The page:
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Concrete Ship Wreck of Subic Bay

A Concrete ship of the same class as YON-146
A Concrete ship of the same class as YON-146

The Concrete Ship Wreck of Subic Bay YON-146

World War II saw many interesting ship building activities, Concrete Ship building being one of them. Since the large ship yards were turning out capital ships, the corn field ship yards created the LST. These ships yards got that nick name because many of them had been farms before the war. Far inland, they used the nations waterways to get the ships to the coast. All this ship building put a strain on the production of steel. Steel production limits meant critical items were often delayed. Fuel barges being one of them. Concrete boats or more accurate ferrocement boats had been made many years before. The origins have been lost but some suspect that there were ferrocement boats as far back as the Roman Empire. In WWI, 12 ferrocement ships were built by the US Navy but with poor results. The Cement industry had a pamphlet showing the benefits of ferrocement.

WWII saw the effort renewed and learning from previous mistakes 24 ships were ordered. Early in the war it was

Concrete Ship YON-146 during WWII
Concrete Ship YON-146 during WWII

seen that fuel storage was becoming a issue. The success of this ferrorcement concept and the need for fuel storage lead to the ordering of ferrocement barges. These are barges in the sense that they had no engines and were pulled by tugs. They did, however, appear as ships. The first fifteen of the barges built were designed to transport oil from the Texas coast to the East coast oil refineries. Additional contracts created both bulk cargo barges and liquid barges. The largest barge was the B7-A2 design which was 375 feet long, 360 feet at the water line, with a beam of 56 feet. It had a height of 38 feet of which as much as 26 could be draft. The Landing Ship Tank was only 326 feet long and 50 foot beam. 22 of the B7-A2 were built, they were classed as “YO” if they were to carry bunker fuel and “YOG” is carrying “clean” fuel such as diesel or gasoline. The “N” was not always used, it designated a non-self propelled vessel. One of the barges was modified before launched to have half of the tanks aviation fuel and the other half water.

Two concrete ships were scuttle at Normandy to create a breakwater. Breakwaters containing floating concrete ships from WWII can be found in the Powell River in B.C. Canada and the Chesapeake Bay in Virginia.

YON-146 was built in National City Ca, starting on 23 Feb 43 and ready for launch on 16 May 43. She officially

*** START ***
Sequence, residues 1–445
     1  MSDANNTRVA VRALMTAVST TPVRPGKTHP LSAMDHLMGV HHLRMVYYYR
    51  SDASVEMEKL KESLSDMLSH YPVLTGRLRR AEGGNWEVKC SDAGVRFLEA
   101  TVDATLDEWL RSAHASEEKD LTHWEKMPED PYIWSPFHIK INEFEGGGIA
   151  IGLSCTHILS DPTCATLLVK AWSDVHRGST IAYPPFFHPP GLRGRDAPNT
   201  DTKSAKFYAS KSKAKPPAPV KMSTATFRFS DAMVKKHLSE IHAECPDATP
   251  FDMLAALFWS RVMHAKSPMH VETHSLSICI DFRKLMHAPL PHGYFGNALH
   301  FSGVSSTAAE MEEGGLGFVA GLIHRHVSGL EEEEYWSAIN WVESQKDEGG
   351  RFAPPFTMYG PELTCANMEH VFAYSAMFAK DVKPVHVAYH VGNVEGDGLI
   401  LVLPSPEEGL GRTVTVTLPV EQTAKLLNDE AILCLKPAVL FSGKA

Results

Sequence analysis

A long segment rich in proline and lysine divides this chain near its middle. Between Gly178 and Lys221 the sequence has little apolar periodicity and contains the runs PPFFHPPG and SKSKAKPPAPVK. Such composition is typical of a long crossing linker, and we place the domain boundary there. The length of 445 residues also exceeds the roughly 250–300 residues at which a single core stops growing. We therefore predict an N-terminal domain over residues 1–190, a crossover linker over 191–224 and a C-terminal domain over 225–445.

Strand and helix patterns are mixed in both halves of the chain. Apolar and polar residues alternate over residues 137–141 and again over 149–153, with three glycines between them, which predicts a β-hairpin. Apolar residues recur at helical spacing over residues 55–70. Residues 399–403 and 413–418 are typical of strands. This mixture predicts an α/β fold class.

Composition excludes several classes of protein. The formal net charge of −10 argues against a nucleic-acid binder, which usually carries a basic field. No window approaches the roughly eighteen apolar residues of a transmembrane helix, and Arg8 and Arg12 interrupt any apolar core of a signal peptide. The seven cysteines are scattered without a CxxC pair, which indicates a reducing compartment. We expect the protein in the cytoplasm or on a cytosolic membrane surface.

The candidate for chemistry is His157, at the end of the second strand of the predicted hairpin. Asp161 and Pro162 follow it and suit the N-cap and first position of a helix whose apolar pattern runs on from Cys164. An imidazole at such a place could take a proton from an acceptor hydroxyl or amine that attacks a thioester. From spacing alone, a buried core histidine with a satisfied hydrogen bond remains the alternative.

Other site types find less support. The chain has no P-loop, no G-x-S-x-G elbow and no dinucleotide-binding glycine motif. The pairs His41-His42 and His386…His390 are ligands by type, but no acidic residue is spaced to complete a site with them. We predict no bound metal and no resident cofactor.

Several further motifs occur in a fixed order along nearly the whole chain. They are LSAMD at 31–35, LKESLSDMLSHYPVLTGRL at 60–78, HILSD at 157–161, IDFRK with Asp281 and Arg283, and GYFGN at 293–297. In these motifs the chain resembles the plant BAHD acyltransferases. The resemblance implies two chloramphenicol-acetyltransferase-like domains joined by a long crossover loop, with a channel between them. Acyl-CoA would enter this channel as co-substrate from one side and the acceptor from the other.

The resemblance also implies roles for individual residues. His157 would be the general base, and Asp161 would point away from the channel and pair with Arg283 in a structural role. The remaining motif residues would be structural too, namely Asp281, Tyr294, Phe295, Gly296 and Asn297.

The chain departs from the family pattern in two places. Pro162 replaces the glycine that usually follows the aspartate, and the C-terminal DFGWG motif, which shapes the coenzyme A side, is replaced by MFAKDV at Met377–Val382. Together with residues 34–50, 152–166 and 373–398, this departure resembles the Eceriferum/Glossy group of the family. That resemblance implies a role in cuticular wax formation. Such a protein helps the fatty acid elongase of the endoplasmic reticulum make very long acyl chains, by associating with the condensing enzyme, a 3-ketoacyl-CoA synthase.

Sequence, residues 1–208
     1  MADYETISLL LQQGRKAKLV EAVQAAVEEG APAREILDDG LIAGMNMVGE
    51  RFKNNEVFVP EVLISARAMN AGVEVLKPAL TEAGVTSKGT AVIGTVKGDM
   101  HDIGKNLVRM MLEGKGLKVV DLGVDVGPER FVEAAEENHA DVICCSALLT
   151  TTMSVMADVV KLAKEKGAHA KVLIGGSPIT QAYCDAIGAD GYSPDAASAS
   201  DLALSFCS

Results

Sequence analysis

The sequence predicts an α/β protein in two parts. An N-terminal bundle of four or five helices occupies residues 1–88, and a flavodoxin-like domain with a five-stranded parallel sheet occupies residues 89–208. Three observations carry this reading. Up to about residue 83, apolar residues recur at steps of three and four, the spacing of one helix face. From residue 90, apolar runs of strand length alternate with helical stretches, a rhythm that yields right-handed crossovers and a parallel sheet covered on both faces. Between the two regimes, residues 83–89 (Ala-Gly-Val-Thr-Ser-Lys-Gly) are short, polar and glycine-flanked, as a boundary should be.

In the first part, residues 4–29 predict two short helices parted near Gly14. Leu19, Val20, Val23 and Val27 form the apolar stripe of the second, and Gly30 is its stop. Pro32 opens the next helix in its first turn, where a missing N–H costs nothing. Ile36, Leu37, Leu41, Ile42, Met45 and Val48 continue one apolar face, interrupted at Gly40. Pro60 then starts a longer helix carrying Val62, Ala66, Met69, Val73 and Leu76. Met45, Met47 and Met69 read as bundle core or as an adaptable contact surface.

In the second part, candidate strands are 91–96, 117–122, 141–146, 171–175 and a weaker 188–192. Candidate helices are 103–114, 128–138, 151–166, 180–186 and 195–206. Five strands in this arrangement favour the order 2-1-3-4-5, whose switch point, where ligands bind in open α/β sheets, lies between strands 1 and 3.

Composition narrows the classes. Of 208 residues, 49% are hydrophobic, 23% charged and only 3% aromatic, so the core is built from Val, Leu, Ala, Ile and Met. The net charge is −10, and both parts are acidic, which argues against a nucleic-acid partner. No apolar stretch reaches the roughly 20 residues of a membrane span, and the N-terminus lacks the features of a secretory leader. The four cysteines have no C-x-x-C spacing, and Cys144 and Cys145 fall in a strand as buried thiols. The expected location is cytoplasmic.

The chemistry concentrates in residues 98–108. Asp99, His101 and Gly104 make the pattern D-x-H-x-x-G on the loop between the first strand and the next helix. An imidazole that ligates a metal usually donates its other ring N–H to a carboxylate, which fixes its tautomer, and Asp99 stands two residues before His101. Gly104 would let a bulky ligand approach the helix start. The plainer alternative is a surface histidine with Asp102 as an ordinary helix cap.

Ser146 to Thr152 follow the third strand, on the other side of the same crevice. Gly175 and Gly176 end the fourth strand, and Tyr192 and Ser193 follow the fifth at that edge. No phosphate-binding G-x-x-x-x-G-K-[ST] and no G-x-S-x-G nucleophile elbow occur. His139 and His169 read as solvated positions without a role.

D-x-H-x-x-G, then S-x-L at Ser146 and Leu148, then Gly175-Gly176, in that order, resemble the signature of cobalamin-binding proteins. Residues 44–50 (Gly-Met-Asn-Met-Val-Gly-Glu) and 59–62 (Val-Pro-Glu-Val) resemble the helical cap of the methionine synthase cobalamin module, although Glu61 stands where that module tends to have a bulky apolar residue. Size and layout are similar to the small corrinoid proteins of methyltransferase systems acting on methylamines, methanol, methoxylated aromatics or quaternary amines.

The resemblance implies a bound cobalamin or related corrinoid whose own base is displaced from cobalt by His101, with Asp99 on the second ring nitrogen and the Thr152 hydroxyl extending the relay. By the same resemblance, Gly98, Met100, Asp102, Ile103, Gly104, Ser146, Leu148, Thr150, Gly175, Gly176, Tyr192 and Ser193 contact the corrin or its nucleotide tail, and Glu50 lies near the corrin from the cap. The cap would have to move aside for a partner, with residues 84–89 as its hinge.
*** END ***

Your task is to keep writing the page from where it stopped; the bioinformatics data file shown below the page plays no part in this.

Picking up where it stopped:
Seafans on the Concrete Ship YON-146
Seafans on the Concrete Ship YON-146

entered service on 12 Aug 43. While the war records for the barge is sketchy at times, she is known to have been initially assigned to Asiatic-Pacific Theater at Port Purvis Anchorage, Florida Island, Solomons Island Group. She seem to been moved to Guam in 1945 and in early 1950, she was towed from Guam to Pearl Harbor where she entered dry dock for a short time. This information of her time in Guam comes from the University of Hawaii. Acanthophora Spicifera is a type of red algae also know as Spiny Seaweed or Prickly Seaweed. It is the most common type of sea weed in Hawaii, however, it did not exists there before 1950. A heavily fouled YON-146 has been “accused” of bringing the seaweed and two fish species to Hawaii. Research has clear her of the fish but she still listed as a possible source of the sea weed invasion.

YON-146 was back at an Pacific Area advance base (probably Subic Bay) starting in June 1951.She was involved in Operation Ivy at Eniwetok Lagoon for most of 1952. Operation Ivy was a nuclear testing program in the Marshall Islands. After the operation she returned to Subic Bay here she was active until added to the disposal list on 24 Apr 57. However, YON-146 was lost by accident in July 1957.


She is the largest ship wreck at Subic, however, she is seldom dived. Subic Bay has very poor visibility at times and this wreck sits at the mouth of the largest river. The B7-A2 has a 36 foot freeboard and this wreck sits upright in about 120 feet of water, however silt has filled in around the wreck so that she raises only about 10 feet from the bottom and the holds are mostly filled in with silt. Still divers who explore her will find huge sea fans and schools of small fish.

While concrete ships might seem unusual there is one that is in its own category. The Navy adapted a Army Barge, refrigerator, light to a floating ice cream factory.


Charles W Davis Jr. is the author of the “Subic Bay Travel and Dive Guide”, the most referenced source of information on the wrecks of Subic Bay. He is also the author of six other diving and travel books and has ghosted written a number of other books. A Freelance writer attracting clients from his own website and working on the upwork website as “Travel & Scuba Diving Specialist Have WIFI, Will Travel”.